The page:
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Summer brings with it a distinct shift in terms of the type of beauty products people buy. But with little in the way of summer holidays, and a potential tightening on spending, how can natural and organic retailers adapt to meet current needs?
For every negative news story about the economy, we see a positive. On the one hand, we are likely to see a tightening on spending as the UK approaches recession, yet within the natural and organic market, we are seeing positives.
By way of example, the British Retail Consortium has reported that total UK sales have decreased in comparison to last year, due to continued shop closures caused by the UK’s lockdown; over the three months leading up to May, non-food in-store sales dropped by some 50.3 per cent in total. However, according to the BRC, despite the amount of goods sold in Great Britain falling by 5.9 per cent overall, food sales saw a large increase by 8.7 per cent like-for-like with online sales and supermarket spending also saw some pick-up. Within our market, we have also seen reports that sales of organic food and drink have shown a rise during the Coronavirus lockdown, and according to recent research, the pandemic is also raising demand for natural ingredients from the personal care industry; according to Ecovia Intelligence, the use of ingredients such as tea tree oil, lemon myrtle and aloe vera in cosmetic and personal care products is increasing, whilst consumers are buying natural and organic products to improve their personal immunity. Ecovia Intelligence also noted that demand is expected to remain buoyant after the current crisis.
So, where does this leave the natural and organic beauty sector? There’s no doubt summer spending habits will be altered this year with the dearth of summer holidays, but are there still opportunities to grow your sales in this area?
New data has shown organic sales have seen their highest growth in the last three years.
According to the latest Nielsen data, since January 2020, organic sales in supermarkets have seen the highest growth since December 2016. It was also found that organic food and drink sales year on year recorded growth of 6.1 per cent, almost double the growth of non-organic food and drink products (3.2 per cent) for the 52 weeks ending May 30, 2020. Nielsen data shows an 18.7 per cent increase in organic sales in the 12 weeks ending May 30, which includes 10 weeks of lockdown, compared to 14.2 per cent increase in non-organic food and drink*.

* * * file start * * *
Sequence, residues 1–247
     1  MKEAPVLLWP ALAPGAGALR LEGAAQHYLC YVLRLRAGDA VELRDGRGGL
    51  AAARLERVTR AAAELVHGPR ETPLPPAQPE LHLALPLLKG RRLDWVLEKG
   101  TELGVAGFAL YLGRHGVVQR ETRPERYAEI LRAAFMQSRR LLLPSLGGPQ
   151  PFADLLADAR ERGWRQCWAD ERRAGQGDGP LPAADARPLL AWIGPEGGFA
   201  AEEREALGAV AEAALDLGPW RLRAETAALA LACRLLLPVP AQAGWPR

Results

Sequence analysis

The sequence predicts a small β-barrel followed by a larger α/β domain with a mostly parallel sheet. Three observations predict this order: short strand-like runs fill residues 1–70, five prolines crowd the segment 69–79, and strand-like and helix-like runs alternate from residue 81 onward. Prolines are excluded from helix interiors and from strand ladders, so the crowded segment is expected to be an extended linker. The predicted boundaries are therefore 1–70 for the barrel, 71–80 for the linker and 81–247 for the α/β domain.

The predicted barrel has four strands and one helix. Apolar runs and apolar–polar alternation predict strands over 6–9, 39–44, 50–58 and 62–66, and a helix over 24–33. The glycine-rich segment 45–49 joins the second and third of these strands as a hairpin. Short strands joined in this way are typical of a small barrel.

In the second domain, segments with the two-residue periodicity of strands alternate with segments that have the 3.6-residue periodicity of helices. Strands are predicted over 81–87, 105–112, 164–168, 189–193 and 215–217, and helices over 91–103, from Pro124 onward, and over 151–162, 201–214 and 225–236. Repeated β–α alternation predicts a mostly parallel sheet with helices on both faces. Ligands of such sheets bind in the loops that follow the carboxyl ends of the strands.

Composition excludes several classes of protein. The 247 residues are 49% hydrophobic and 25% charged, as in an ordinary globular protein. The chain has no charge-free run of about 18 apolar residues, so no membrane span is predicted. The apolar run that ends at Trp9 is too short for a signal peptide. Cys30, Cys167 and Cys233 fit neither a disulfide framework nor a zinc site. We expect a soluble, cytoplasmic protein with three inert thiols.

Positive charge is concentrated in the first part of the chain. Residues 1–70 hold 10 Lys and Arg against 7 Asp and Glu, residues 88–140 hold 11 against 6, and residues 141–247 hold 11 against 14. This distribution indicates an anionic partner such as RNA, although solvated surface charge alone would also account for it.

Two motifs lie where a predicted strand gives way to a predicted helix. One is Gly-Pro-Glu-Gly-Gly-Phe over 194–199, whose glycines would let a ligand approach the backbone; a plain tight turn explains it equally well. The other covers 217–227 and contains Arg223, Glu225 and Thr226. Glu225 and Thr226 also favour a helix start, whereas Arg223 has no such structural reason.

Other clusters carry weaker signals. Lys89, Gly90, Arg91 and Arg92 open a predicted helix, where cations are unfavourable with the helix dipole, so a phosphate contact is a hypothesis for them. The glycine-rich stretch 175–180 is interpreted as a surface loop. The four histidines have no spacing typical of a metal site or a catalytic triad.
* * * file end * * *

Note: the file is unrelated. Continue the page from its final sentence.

The Soil Association pointed out that this comes at a time when external events have fast-tracked already changing shopper behaviours towards personal health, transparency and integrity; a YouGov survey commissioned by the Food Farming and Countryside Commission and The Food Foundation revealed that 42 per cent of people feel the crisis has made them value food more.
These changing behaviours seem set to support the organic sector in exceeding the end of 2020 market value of £2.5bn projected by Soil Association Certification, with the sector now on track to hit the £2.6bn mark. Products which have seen exceptional demand and outperforming are beef (+15.3 per cent), eggs (+14.8 per cent), preserves and spreads (+18.3 per cent) and sparkling wine (+47 per cent**).
Finn Cottle, Trade Consultant at Soil Association Certification, commented: “As this crisis emerged, and food was placed firmly in the spotlight, it became apparent that consumer habits were shifting: from less frequent shopping trips, to supporting local and independent stores, online shopping to receiving weekly deliveries of organic fruit and veg. What seems clear is that at a time when quality and safety are of importance for consumers, organic ‘stands out,’ with its benefits of transparency and integrity.
“Despite the likelihood of tighter budgets, shoppers are choosing quality, good taste, and ethical options. Sustainability and protecting the environment remains high on their wish list – and with so many of us finding nature a vital source of respite in these difficult times – citizens seem to be making more planet-centric choices.
“Organic brands, retailers and businesses have a huge part to play in reinforcing the credentials of organic – as a farming system ‘working with nature’ to restore goodness in the land, with a positive impact on personal health and wellness, and our environment. With more people than ever understanding this connection, I think the sector has a lot to feel confident about.”
Sharpham Park has announced its British spelt brand has moved its pasta range into home compostable packaging.
Made in the UK by an artisan Italian pasta maker using Sharpham Park’s award-winning spelt flour, the new pasta is ideal for vegans and those following a plant-based diet. The first three shapes in the range are Gigli Rigati, Casarecce and Conchiglie.
Founder, Roger Saul, commented: “We’re delighted to be launching this pasta as it’s taken us a long time to work out the best way to create a delicious tasting premium spelt pasta in an ethical and sustainable manner. Having the pasta manufactured in the UK by an Italian pasta maker has ensured our food miles are as low as possible. We’re delighted to be launching our home compostable packaging, which we believe is the way forward for food packaging and one which we will be utilising throughout our range in 2020.”